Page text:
Last week, a brick was thrown at the windscreen of an ambulance taking a seven-year-old girl to hospital.
The West Midlands service is now logging incidents. Mr Seaward estimates that there is one a week. "We began to notice reports about 18 months ago. They were isolated incidents. It was only when we put them together that we saw there was a bigger problem. They have increased sharply in the last six months." Automatic panic alarms have been fitted to vehicles so central control knows where they are if their radios have been stolen. Central locking is being considered. The West Midlands service, covering the Birmingham conurbation, is the largest outside London. It runs 130 front-line emergency vehicles.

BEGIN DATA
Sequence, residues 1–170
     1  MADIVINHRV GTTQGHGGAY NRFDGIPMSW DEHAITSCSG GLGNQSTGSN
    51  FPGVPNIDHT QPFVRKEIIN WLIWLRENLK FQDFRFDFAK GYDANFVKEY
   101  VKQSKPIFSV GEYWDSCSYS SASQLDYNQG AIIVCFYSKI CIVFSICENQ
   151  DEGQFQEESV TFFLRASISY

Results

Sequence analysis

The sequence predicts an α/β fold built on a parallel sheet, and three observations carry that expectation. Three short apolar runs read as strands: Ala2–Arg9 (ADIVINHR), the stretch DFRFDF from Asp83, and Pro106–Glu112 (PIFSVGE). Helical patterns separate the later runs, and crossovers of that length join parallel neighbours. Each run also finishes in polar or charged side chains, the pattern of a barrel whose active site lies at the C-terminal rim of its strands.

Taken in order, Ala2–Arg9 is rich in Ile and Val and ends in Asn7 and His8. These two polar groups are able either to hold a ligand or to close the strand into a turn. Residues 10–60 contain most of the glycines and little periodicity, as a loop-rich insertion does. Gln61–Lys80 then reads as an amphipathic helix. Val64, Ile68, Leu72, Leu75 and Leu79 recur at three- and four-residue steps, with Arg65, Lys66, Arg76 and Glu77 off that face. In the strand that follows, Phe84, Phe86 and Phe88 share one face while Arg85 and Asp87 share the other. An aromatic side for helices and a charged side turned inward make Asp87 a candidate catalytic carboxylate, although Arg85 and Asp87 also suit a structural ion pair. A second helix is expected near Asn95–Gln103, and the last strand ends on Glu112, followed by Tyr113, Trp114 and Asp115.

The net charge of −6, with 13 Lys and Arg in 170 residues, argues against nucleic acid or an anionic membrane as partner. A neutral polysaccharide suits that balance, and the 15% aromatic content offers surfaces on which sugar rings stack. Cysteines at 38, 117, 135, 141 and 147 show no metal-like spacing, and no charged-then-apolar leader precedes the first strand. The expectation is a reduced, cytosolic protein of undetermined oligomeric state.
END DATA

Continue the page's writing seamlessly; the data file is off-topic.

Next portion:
In another incident last week on a Birmingham housing estate, ambulance crew members had to fight their way back to their vehicle after being attacked by a gang of youths, while attending a heart attack victim. Radios, drugs, medicine boxes and even cardiac monitors have been stolen from vehicles. "We have lost three or four cardiac monitors. They are worth about pounds 7,000. They are useless in the wrong hands, but they are dangerous because they deliver a high electric charge," Mr Seaward said.
In Manchester, ambulance crews have worn body armour since February to protect them from assault.Reuse content